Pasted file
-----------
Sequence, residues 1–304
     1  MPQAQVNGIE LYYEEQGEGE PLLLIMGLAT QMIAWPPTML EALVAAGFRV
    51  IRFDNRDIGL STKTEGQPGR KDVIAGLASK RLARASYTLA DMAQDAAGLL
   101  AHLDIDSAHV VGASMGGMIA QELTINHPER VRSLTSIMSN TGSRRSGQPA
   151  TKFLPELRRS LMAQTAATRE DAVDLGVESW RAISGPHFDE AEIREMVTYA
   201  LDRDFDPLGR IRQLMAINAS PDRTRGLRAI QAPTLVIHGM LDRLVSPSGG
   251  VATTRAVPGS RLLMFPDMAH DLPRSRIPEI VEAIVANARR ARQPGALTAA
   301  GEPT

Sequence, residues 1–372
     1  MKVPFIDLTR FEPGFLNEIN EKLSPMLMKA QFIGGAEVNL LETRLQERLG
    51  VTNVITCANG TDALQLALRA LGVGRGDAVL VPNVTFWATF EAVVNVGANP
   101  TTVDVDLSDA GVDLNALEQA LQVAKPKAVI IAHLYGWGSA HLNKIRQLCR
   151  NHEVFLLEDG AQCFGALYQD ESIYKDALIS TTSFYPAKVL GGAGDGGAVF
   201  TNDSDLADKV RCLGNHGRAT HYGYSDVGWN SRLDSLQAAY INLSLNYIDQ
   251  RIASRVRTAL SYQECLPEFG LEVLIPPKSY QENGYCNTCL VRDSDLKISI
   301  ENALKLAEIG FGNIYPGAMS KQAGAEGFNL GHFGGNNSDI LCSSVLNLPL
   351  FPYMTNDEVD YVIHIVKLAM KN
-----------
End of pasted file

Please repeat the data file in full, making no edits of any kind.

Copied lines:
Sequence, residues 1–304
     1  MPQAQVNGIE LYYEEQGEGE PLLLIMGLAT QMIAWPPTML EALVAAGFRV
    51  IRFDNRDIGL STKTEGQPGR KDVIAGLASK RLARASYTLA DMAQDAAGLL
   101  AHLDIDSAHV VGASMGGMIA QELTINHPER VRSLTSIMSN TGSRRSGQPA
   151  TKFLPELRRS LMAQTAATRE DAVDLGVESW RAISGPHFDE AEIREMVTYA
   201  LDRDFDPLGR IRQLMAINAS PDRTRGLRAI QAPTLVIHGM LDRLVSPSGG
   251  VATTRAVPGS RLLMFPDMAH DLPRSRIPEI VEAIVANARR ARQPGALTAA
   301  GEPT

Sequence, residues 1–372
     1  MKVPFIDLTR FEPGFLNEIN EKLSPMLMKA QFIGGAEVNL LETRLQERLG
    51  VTNVITCANG TDALQLALRA LGVGRGDAVL VPNVTFWATF EAVVNVGANP
   101  TTVDVDLSDA GVDLNALEQA LQVAKPKAVI IAHLYGWGSA HLNKIRQLCR
   151  NHEVFLLEDG AQCFGALYQD ESIYKDALIS TTSFYPAKVL GGAGDGGAVF
   201  TNDSDLADKV RCLGNHGRAT HYGYSDVGWN SRLDSLQAAY INLSLNYIDQ
   251  RIASRVRTAL SYQECLPEFG LEVLIPPKSY QENGYCNTCL VRDSDLKISI
   301  ENALKLAEIG FGNIYPGAMS KQAGAEGFNL GHFGGNNSDI LCSSVLNLPL
   351  FPYMTNDEVD YVIHIVKLAM KN